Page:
The Future of Restaurants? A Historian’s Thoughts
Did you know that restaurants have existed for well over 1000 years? Tracing its lineage to the tea houses in China, and the thermopolia in Greece, the concept of a public gathering space to share food and socialize has always gone hand in hand with human civilization.
The restaurant in its modern incarnation (with elegant food, atmosphere and waiters) descends from the French cabaret and tavern. In the late 18th century, these establishments made their way to the US and though they were immediately popular, Americans’ interest in them grew as time progressed. In 1970, there was one restaurant for every 7,500 people in the United States. By 2016, there were 1,000,000 restaurants – one for every 310 people in the country! According to a Gallup poll in 2016, over 50% of Americans ate out at restaurants at least once a week and 10% of the nation’s workforce was employed by the restaurant industry.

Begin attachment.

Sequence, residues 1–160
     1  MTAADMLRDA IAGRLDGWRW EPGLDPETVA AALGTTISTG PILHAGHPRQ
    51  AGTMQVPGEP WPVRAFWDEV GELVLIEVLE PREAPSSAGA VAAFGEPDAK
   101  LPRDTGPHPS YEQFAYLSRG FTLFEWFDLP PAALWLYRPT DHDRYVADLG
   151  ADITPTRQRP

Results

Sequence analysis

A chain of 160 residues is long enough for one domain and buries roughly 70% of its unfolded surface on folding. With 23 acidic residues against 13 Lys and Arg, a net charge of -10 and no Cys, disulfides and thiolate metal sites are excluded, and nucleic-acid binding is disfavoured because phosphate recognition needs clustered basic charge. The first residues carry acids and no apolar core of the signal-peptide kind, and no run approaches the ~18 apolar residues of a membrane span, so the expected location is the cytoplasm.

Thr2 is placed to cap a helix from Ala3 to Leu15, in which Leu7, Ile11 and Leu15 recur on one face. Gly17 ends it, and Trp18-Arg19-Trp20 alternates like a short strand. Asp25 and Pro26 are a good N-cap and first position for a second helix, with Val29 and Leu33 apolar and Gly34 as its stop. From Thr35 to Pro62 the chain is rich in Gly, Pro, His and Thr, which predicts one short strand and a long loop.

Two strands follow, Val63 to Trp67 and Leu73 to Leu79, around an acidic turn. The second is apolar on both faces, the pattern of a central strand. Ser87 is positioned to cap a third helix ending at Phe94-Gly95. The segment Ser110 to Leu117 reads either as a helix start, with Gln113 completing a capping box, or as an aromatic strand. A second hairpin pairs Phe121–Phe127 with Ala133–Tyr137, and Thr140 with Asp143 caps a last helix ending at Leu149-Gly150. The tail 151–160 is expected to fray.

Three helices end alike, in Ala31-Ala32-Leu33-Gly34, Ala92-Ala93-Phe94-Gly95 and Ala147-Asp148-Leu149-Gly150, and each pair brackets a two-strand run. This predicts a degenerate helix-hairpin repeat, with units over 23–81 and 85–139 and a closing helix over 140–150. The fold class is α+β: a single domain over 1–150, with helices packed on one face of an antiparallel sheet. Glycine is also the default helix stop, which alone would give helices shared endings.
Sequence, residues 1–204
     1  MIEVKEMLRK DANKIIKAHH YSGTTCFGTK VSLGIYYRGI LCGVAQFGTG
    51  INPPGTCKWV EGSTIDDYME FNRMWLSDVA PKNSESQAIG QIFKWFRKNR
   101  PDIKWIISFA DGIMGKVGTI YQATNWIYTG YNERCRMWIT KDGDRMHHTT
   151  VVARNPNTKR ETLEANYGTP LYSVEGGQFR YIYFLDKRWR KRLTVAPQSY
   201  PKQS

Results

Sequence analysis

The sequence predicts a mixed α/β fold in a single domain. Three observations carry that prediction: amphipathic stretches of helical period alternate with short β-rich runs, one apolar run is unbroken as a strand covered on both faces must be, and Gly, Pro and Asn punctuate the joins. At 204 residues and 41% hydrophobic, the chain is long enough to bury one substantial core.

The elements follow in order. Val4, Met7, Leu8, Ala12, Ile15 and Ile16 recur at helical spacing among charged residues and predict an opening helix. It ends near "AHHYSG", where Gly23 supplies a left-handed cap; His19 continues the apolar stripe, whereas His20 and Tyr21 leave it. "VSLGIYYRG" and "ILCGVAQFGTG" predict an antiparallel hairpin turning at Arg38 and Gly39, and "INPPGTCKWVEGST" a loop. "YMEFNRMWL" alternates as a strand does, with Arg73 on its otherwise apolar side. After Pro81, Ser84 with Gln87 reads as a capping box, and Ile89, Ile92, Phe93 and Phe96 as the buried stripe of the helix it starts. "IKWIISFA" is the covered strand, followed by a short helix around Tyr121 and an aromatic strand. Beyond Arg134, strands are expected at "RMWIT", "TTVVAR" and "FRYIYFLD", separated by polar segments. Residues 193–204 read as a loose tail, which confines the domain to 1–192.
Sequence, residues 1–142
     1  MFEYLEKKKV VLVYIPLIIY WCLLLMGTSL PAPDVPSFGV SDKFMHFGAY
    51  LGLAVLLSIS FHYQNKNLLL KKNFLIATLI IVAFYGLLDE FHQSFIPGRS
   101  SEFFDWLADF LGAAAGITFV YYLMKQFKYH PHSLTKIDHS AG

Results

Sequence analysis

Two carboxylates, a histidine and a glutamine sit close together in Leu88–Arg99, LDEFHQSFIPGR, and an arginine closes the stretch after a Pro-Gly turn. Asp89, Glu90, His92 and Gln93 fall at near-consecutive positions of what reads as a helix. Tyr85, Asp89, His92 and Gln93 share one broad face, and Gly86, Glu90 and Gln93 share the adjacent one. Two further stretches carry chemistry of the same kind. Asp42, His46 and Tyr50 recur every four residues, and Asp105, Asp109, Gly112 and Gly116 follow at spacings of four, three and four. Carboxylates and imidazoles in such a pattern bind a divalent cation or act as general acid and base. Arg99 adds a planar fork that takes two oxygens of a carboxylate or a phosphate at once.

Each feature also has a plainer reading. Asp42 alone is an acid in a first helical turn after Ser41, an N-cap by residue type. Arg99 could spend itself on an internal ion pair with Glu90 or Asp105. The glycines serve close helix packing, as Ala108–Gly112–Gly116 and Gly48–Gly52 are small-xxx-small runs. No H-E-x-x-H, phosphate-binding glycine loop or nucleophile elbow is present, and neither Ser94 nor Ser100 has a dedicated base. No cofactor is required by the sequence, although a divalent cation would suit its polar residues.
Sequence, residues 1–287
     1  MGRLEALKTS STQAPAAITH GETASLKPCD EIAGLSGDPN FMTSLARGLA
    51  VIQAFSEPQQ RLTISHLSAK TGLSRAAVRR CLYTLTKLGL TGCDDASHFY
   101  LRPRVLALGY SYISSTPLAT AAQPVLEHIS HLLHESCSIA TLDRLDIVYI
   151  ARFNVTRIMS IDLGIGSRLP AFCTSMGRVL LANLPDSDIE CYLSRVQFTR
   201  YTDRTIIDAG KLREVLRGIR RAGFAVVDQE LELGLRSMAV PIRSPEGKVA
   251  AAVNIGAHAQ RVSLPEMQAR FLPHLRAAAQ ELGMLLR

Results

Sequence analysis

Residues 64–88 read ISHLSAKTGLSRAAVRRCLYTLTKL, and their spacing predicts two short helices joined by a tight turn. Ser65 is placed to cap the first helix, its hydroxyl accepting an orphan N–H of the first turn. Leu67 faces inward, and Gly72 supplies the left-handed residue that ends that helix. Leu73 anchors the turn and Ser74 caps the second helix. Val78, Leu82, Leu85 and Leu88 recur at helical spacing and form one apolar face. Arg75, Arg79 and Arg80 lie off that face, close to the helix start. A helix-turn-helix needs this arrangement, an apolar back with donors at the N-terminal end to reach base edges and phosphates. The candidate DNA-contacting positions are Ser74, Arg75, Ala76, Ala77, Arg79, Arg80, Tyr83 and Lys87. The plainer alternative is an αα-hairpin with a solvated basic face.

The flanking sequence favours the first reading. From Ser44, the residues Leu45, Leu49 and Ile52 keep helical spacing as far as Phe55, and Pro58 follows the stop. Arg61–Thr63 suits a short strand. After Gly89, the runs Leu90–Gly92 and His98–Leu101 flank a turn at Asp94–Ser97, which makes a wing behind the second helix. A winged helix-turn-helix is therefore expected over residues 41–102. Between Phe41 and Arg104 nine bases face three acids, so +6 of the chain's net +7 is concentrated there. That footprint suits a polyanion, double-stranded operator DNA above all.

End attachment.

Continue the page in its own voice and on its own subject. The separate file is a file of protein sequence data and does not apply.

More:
Then the Coronavirus pandemic hit.
According to an April 20, 2020 article from Business Insider, 8 million restaurant employees are suddenly unemployed or furloughed. The industry itself post losses of $30 billion in March 2020, expects to post losses of $50 billion in April and will have lost $240 billion by the end of the year.
So, what comes next? Paul Freedman, Chester D. Tripp Professor of History at Yale University has written numerous books on the subject of food, including; Food: The History of Taste and Out of the East: Spices and the Medieval Imagination. Professor Freedman will discuss the history of restaurants, where we were before Coronavirus pandemic spread and where he thinks the industry is headed in this fascinating and timely course.